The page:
In these algorithms, the sink sends queries to certain regions and waits for the response from the sensors located in this area. Following an attribute-value scheme, the queries inform about the required data. The selection of the attributes depends on the application. An important characteristic of these schemes is that the content of the data messages is analyzed in each hop to make decisions about routing.

5.2. Energy Efficiency
Multiple routes can communicate a node and the sink. The aim of energy-aware algorithms is to select those routes that are expected to maximize the network lifetime. To do so, the routes composed of nodes with higher energy resources are preferred.

5.3. Data Aggregation
Data collected in sensors are derived from common phenomena so nodes in a close area usually share similar information. A way to reduce energy consumption is data aggregation. Aggregation consists of suppressing redundancy in different data messages. When the suppression is achieved by some signal processing techniques, this operation is called data fusion.

5.4. Addressing Scheme
Wireless sensor networks are formed by a significant number of nodes so the manual assignation of unique identifiers is infeasible. The use of the MAC address or the GPS coordinates is not recommended as it introduces a significant payload 3. However, network-wide unique addresses are not needed to identify the destination node of a specific packet in wireless sensor networks. In fact, attribute-based addressing fits better with the specificities of wireless sensor networks. In this case, an attribute such as node location and sensor type is used to identify the final destination. Concerning these identifiers, two different approaches have been proposed 3. Firstly, the ID reuse scheme allows identifiers to be repeated in the network but keeping their uniqueness in close areas. In this way, a node knows that its identifier is unique in a k-hop neighborhood, being k a parameter to configure. On the other hand, the field-wide unique ID schemes guarantee that the identifiers are unique in the whole application. With this assumption, other protocols such as routing, MAC or network configurations can be simultaneously used.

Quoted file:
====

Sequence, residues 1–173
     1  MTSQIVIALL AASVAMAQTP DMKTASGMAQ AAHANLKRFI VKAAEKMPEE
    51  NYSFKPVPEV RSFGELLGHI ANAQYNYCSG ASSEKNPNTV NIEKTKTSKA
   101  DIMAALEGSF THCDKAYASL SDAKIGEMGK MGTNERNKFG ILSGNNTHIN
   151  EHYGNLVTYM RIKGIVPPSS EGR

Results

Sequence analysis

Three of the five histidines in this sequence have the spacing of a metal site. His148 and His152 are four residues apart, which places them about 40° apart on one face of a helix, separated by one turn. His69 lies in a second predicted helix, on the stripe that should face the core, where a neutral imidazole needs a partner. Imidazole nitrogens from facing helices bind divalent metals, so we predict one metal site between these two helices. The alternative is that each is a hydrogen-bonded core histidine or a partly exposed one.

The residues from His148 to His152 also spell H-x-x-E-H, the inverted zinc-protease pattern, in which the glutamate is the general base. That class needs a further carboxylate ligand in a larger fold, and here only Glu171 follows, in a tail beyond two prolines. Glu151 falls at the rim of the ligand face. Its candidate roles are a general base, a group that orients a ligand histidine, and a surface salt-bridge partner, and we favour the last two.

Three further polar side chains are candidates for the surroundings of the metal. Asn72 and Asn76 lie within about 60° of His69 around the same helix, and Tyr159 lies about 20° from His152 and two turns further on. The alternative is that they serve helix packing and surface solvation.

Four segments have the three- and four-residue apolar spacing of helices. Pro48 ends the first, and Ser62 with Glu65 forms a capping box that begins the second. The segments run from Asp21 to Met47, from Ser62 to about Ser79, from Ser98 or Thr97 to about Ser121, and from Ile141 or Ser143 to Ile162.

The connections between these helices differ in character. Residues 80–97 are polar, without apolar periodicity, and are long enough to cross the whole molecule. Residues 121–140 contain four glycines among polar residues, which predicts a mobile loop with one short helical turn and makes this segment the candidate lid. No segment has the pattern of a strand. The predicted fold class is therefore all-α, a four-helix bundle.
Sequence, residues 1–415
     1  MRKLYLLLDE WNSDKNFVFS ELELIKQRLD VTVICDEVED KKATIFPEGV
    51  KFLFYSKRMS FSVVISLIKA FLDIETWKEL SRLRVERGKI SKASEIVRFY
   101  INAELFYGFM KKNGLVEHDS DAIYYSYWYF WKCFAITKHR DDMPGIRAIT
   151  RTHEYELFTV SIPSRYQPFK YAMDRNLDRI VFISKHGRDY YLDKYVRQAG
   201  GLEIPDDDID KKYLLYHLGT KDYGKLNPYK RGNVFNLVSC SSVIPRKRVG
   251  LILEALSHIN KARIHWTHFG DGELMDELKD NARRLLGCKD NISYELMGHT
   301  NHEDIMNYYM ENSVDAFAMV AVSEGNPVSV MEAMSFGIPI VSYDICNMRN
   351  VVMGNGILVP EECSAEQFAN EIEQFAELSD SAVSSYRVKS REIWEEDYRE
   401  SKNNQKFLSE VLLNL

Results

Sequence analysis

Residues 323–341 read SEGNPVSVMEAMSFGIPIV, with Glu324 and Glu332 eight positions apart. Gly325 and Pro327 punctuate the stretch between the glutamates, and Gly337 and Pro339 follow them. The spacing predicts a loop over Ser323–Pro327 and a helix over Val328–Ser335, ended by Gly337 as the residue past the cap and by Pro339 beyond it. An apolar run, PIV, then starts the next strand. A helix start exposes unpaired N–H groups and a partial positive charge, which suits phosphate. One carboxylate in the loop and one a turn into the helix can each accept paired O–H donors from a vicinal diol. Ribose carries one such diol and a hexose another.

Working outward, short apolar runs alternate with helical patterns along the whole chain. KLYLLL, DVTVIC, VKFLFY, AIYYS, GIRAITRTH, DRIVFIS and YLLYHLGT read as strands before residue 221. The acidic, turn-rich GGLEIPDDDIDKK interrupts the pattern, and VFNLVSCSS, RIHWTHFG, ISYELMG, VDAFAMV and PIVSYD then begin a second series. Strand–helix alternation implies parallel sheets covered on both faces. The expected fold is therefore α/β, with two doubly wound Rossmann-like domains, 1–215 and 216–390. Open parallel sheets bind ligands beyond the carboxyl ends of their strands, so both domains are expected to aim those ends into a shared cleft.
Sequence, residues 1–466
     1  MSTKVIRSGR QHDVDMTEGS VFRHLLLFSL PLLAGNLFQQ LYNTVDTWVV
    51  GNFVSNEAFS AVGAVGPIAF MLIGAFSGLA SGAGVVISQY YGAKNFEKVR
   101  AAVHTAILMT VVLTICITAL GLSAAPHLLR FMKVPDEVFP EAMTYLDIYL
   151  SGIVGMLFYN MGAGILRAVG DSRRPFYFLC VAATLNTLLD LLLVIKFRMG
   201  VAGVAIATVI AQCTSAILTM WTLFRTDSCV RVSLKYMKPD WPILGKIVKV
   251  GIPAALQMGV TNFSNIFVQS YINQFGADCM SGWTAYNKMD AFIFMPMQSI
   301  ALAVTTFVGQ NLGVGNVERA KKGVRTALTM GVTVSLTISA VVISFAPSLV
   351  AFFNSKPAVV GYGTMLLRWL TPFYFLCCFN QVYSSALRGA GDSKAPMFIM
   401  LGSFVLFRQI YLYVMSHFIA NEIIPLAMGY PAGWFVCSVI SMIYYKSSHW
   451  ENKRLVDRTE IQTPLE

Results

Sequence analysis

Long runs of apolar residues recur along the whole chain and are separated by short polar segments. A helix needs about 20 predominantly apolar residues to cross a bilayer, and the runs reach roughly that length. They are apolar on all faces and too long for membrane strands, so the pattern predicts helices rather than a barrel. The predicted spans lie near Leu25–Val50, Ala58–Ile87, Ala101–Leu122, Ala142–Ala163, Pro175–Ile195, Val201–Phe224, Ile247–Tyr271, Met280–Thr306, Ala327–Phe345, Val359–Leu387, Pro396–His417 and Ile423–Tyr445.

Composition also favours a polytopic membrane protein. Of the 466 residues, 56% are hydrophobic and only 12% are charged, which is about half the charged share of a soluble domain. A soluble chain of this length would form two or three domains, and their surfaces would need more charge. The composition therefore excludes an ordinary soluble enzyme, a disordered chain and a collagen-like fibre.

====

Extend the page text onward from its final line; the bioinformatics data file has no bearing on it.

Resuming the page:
5.5. Location-based
When this technique is used, a node decides the transmission route according to the localization of the final destination and the positions of some other nodes in the network.

5.6. Multipath Communication
With this technique, nodes use multiple paths from an origin to a destination in the network. As multipath communications are intended to increase the reliability and the performance of the network, these paths should not share any link. Multipath communications can be accomplished in two ways. Firstly, one path is established as the active communication routing while the other paths are stored for future need, i.e. when the current active path is broken. On the other hand, it is also possible to distribute the traffic among the multiple paths.